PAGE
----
Universidad de Nebraska: Guanábana (Graviola): Inhibe tumores y metástasis en estudios "in vitro" y "en vivo" de células de Cáncer de Páncreas.

A continuación, se transcribe íntegro el resumen del último estudio sobre la Guanábana (llamada mundialmente "graviola"), hecho en 2012 por el Departamento de Bioquímica y Biología Molecular de la Universidad de Omaha en Nebraska (USA).

 

En él se habla de la eficacia de la Guanábana en este tipo de cáncer.

 

Cancer Lett. 2012 Oct 1;323(1):29-40. doi: 10.1016/j.canlet.2012.03.031. Epub 2012 Apr 1.

Graviola: a novel promising natural-derived drug that inhibits tumorigenicity and metastasis of pancreatic cancer cells in vitro and in vivo through altering cell metabolism.

 

Source

Department of Biochemistry and Molecular Biology, Omaha, NE 68198-5870, USA.

 

Abstract

Pancreatic tumors are resistant to conventional chemotherapies. The present study was aimed at evaluating the potential of a novel plant-derived product as a therapeutic agent for pancreatic cancer (PC). The effects of an extract from the tropical tree Annona Muricata, commonly known as Graviola, was evaluated for cytotoxicity, cell metabolism, cancer-associated protein/gene expression, tumorigenicity, and metastatic properties of PC cells. Our experiments revealed that Graviola induced necrosis of PC cells by inhibiting cellular metabolism. The expression of molecules related to hypoxia and glycolysis in PC cells (i.e. HIF-1α, NF-κB, GLUT1, GLUT4, HKII, and LDHA) were downregulated in the presence of the extract. In vitro functional assays further confirmed the inhibition of tumorigenic properties of PC cells. Overall, the compounds that are naturally present in a Graviola extract inhibited multiple signaling pathways that regulate metabolism, cell cycle, survival, and metastatic properties in PC cells. Collectively, alterations in these parameters led to a decrease in tumorigenicity and metastasis of orthotopically implanted pancreatic tumors, indicating promising characteristics of the natural product against this lethal disease.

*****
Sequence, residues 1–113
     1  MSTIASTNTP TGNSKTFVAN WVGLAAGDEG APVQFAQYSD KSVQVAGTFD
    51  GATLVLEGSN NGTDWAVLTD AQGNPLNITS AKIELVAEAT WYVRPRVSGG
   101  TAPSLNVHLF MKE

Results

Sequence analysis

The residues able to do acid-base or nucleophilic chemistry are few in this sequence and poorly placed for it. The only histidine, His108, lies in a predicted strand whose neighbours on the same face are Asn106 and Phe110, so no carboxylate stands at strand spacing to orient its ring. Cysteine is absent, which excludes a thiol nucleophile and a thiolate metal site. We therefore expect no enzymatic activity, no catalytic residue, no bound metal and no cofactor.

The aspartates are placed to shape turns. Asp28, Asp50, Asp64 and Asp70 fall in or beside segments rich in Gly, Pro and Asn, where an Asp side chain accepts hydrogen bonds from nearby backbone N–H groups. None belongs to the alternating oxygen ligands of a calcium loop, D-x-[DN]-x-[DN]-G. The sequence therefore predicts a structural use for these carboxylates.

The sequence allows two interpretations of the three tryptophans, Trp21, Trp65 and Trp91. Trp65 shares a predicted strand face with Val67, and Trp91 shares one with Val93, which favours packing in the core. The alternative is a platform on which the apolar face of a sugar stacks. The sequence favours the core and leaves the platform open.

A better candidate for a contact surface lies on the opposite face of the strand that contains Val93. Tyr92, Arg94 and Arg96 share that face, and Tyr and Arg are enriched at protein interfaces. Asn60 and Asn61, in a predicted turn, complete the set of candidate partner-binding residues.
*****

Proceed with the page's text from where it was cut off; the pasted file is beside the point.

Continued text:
Copyright © 2012 Elsevier Ireland Ltd. All rights reserved.

PMID:
 
22475682
 
[PubMed - indexed for MEDLINE] 
PMCID:
 
PMC3371140
 [Available on 2013/10/1]

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